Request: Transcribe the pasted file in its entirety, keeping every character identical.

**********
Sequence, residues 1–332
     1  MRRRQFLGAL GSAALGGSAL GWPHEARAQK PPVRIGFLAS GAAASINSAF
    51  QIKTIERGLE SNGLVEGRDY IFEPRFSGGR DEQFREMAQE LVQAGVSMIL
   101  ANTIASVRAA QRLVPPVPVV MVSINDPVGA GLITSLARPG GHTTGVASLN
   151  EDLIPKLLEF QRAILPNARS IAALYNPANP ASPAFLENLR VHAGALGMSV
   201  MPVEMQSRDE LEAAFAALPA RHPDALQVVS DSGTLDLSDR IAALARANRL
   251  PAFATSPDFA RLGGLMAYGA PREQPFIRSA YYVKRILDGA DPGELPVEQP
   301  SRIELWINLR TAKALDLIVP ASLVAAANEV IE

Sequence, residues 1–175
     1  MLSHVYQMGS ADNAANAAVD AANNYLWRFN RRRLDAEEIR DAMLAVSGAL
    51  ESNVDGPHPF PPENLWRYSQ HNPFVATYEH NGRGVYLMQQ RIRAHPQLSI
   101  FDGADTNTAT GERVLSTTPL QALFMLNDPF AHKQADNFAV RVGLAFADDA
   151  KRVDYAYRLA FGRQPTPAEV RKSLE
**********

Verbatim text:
Sequence, residues 1–332
     1  MRRRQFLGAL GSAALGGSAL GWPHEARAQK PPVRIGFLAS GAAASINSAF
    51  QIKTIERGLE SNGLVEGRDY IFEPRFSGGR DEQFREMAQE LVQAGVSMIL
   101  ANTIASVRAA QRLVPPVPVV MVSINDPVGA GLITSLARPG GHTTGVASLN
   151  EDLIPKLLEF QRAILPNARS IAALYNPANP ASPAFLENLR VHAGALGMSV
   201  MPVEMQSRDE LEAAFAALPA RHPDALQVVS DSGTLDLSDR IAALARANRL
   251  PAFATSPDFA RLGGLMAYGA PREQPFIRSA YYVKRILDGA DPGELPVEQP
   301  SRIELWINLR TAKALDLIVP ASLVAAANEV IE

Sequence, residues 1–175
     1  MLSHVYQMGS ADNAANAAVD AANNYLWRFN RRRLDAEEIR DAMLAVSGAL
    51  ESNVDGPHPF PPENLWRYSQ HNPFVATYEH NGRGVYLMQQ RIRAHPQLSI
   101  FDGADTNTAT GERVLSTTPL QALFMLNDPF AHKQADNFAV RVGLAFADDA
   151  KRVDYAYRLA FGRQPTPAEV RKSLE